Eat 'n Park
This is the first location of the famous Eat 'n Park Restaurant chain. This is located on Saw Mill Run Boulevard and is currently Frank and Shirleys Restaurant.
This is the very first Eat'n Park on opening day in 1949
This is the first menu from Overbrook's Eat'n Park
From the Eat 'n Park website click here.
Eat'n Park began nearly a half century ago as the first Pittsburgh-area drive-in restaurant with carhops. The carhops are gone now, and our look has changed quite a bit since then, but one thing remains the same — our commitment to great food at an exceptional value while providing outstanding service.
On June 6, 1949, Eat'n Park began with a revolutionary concept. Led by Larry Hatch, an executive of the Isaly Company of that era, a group of Pittsburghers built a tiny, two-tone yellow, 13-seat restaurant in Pittsburgh's suburban South Hills and, at 2:00 p.m., sent 10 bustling carhops out to serve customers right in their cars. And what a revolution it was. The restaurant was so busy that it caused an enormous traffic jam on Saw Mill Run Boulevard and had to close to regroup a scant six hours after it opened. But the votes were in and the die was cast. Eat'n Park, one of the area's first carhop restaurants, was a smash hit.
Through the years
Four months later, the young company opened a second Pittsburgh restaurant. Within 11 years, the chain had grown to 27 restaurants.
What had begun as a phenomenon, would become an institution. Fifty years since that memorable first day, Eat'n Park has grown to be the leading full-service restaurant chain in the tri-state area, with over 75 restaurants throughout Pennsylvania, West Virginia, and Ohio, and over 8,000 employees.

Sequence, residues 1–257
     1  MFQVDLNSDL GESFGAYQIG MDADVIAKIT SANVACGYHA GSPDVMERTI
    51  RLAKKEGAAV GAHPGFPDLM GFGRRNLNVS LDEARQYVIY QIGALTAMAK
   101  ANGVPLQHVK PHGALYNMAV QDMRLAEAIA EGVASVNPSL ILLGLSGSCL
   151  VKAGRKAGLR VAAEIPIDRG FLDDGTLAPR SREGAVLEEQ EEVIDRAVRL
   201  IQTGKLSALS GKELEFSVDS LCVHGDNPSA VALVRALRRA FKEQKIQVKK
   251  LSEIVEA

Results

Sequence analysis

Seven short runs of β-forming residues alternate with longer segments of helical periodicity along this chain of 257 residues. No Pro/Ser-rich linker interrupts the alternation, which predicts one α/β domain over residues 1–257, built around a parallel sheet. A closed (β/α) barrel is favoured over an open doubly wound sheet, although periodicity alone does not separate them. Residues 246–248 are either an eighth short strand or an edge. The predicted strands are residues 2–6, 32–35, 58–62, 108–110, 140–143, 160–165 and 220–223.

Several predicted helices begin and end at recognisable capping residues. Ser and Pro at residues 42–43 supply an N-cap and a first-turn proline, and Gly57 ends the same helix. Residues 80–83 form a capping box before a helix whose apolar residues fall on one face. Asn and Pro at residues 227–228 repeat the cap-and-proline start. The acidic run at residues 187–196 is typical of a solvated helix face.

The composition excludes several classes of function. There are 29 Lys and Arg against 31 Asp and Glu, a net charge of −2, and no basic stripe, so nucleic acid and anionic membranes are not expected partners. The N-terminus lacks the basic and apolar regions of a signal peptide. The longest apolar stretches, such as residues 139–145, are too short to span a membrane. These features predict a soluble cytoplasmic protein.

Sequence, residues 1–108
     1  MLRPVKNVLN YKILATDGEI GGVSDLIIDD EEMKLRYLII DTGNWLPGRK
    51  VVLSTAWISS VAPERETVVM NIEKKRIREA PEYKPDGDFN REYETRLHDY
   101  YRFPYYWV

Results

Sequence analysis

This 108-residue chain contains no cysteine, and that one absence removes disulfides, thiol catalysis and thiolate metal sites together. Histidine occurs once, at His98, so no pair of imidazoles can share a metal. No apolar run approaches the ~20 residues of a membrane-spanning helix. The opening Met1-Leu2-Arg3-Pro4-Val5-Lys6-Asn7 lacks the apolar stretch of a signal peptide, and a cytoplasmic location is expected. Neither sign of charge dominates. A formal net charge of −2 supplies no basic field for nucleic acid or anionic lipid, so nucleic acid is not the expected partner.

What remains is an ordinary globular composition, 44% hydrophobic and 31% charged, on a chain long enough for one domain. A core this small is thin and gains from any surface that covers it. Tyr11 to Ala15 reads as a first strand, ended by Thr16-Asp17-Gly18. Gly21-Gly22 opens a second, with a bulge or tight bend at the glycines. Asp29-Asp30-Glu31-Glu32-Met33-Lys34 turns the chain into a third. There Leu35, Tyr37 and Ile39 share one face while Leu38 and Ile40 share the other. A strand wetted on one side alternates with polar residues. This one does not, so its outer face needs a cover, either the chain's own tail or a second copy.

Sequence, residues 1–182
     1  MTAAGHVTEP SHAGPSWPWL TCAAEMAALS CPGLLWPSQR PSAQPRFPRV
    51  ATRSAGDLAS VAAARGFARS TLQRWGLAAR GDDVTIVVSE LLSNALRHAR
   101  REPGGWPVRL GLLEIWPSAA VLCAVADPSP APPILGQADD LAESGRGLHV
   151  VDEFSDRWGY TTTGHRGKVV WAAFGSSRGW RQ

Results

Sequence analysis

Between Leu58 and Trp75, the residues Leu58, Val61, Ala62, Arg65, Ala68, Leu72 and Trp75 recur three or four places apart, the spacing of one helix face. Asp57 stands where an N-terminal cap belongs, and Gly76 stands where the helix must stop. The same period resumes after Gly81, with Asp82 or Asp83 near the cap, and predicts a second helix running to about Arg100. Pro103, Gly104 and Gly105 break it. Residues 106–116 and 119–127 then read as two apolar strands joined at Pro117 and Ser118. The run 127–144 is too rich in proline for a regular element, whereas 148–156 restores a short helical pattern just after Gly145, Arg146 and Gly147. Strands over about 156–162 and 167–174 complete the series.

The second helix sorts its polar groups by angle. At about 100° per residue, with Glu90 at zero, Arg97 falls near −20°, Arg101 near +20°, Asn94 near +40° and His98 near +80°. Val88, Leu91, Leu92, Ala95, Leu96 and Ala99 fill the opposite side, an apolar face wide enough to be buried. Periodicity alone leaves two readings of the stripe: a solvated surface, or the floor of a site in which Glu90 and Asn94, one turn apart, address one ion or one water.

Eat'n Park has succeeded in changing with the times. New trends in customer preferences have prompted shifts in dining style, exterior and interior building designs, menu selections, and employee training programs, all with the primary objective of quality service in mind.
Why Not Park'n Eat
The secret to Eat'n Park's original success was innovation. The original carhop concept was developed by Mr. Hatch, who understood in 1949 that cars meant the future and that the Pittsburgh area needed a restaurant to capture the spirit of the times.
It also needed a name that matched its function. Logically, a customer parked first then ate -- either in or out of the restaurant. However, in the late 1940's, "Park & Eat" was as common a sight as "Drive Thru" is today and could not be copyrighted.
In a brainstorm, Hatch and company decided to reverse it -- to Eat'n Park. The catchy name stuck, so much that while the once everywhere "Park & Eat" signs have virtually disappeared from American highways, "Eat'n Park" remains a tri-state tradition, even though the name no longer describes the restaurant's dining style.